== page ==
Sunlight streams through a wall of windows at the George E. Wahlen Veterans Affairs Medical Center in Salt Lake City as Bryant Jacobs takes a lap around the room.
He makes a turn around a set of treadmills and takes another lap inside the hospital's new $5 million physical-therapy center.
His physical therapist, Bart Gillespie, looks on.
"Time," Gillespie finally calls. "That's 6 minutes. Stop right there."
The walking path is 172 feet long. Jacobs has gone just shy of eight laps. At that rate, it would take him about 24 minutes to walk a mile. It doesn't seem likely he could do that, though; he's sweating and panting at the quarter-mile mark.
"That's not a bad start," Gillespie says.
"It sucks," Jacobs replies. "I'm getting cramps in my stump."
"But you're walking — you're moving pretty good," Gillespie says.
The way Gillespie sees it, Jacobs has made solid progress since his amputation, now nearly six months in the past. His gait is consistently improving; if Jacobs were to wear pants, rather than his usual shorts, few people would suspect he was missing a leg.
He's driving now, using his left foot as most drivers would use their right. The phantom pains he suffered in the months after the surgery used to keep him up all night; now they're rare. He's been able to cut his intake of painkillers in half — and has plans to go lower.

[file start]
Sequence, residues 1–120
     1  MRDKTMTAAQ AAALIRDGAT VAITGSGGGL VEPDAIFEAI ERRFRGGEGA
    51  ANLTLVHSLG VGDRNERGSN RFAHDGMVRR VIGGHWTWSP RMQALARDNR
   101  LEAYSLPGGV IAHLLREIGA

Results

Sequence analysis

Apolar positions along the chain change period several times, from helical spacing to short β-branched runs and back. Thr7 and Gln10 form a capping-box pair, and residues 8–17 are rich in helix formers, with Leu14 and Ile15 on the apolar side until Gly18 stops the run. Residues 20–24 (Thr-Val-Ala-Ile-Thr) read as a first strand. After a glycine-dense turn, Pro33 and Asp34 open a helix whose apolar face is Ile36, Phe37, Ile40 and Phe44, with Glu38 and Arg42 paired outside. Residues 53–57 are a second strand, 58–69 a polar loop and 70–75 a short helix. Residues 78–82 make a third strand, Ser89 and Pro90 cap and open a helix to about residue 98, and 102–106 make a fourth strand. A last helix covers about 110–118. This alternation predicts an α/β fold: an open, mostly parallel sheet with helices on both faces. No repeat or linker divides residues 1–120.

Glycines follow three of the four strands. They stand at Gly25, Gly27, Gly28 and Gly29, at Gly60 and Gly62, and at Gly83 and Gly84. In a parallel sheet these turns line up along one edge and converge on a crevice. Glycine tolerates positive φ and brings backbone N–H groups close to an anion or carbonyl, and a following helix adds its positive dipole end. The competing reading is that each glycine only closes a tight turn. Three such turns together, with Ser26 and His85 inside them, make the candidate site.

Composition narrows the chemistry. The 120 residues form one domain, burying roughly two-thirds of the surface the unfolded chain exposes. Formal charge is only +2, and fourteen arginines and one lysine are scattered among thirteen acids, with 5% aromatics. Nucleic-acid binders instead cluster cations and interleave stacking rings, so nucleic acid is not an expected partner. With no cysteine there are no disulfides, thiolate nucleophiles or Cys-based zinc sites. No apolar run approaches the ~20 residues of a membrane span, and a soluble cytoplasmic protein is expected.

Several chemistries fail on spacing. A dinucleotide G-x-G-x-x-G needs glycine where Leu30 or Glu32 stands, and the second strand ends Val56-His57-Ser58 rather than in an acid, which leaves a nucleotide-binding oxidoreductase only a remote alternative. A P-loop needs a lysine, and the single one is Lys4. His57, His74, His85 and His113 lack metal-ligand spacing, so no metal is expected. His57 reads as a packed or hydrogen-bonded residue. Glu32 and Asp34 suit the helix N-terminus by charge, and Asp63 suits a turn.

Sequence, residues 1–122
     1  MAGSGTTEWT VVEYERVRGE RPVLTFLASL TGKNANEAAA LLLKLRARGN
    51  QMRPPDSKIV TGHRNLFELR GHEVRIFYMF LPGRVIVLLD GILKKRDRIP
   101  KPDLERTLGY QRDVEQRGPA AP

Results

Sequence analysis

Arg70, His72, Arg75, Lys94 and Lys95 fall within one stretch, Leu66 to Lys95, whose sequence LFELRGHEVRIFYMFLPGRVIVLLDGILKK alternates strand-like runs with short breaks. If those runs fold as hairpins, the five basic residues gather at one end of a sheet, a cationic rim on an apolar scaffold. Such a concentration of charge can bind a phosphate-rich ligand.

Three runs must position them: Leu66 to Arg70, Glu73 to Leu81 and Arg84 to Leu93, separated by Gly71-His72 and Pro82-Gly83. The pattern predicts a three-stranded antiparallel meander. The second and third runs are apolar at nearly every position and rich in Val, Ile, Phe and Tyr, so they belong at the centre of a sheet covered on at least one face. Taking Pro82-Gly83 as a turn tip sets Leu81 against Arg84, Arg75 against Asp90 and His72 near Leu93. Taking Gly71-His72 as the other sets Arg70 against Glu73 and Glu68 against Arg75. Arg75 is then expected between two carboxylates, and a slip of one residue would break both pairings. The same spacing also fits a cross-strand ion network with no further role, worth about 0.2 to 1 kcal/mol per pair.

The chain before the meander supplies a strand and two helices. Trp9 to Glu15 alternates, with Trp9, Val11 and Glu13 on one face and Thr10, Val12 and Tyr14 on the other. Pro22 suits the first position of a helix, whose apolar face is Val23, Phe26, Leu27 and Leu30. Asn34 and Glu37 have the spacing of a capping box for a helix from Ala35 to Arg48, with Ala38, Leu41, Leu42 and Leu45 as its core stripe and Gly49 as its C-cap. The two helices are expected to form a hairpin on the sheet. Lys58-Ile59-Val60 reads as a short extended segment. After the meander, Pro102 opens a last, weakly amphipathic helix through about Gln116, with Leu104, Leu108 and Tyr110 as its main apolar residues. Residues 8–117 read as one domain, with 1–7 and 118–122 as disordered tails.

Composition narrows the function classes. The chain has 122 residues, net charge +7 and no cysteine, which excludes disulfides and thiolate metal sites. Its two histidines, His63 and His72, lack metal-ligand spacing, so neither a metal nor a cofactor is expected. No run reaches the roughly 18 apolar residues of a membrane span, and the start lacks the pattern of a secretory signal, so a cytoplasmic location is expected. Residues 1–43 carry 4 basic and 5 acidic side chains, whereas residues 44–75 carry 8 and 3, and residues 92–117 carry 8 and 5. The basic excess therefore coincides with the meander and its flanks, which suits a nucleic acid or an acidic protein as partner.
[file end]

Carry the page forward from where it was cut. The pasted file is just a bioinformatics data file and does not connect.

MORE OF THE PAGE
But Jacobs isn't satisfied.
"Everybody says it's a fast progression, but I don't really feel that way," he says. "Day to day, I'm getting sores on my leg. My socket still doesn't fit right — and that's distracting. I'm ready for the day when I can just put it on and be done with it."
It never really works that way. Residual limbs are swollen after amputations, so prosthetists know the first plaster cast they make for a socket is just the start. When amputees get into shape, as Jacobs is trying to do, the residual limb often shrinks. And in the hours between morning, when fluids have gathered in a limb overnight, to the afternoon, when everything is circulating better, a residual limb can lose an inch in circumference.
"It's a moving target on top of a moving target," says Jacobs' prosthetist, Lane Ferrin, who has employed suction, snowboard boot-style dial-down cables, and even Velcro to try to get Jacobs' socket to hold snug. "I know how frustrating that can be for some patients. But little by little they get more comfortable with it."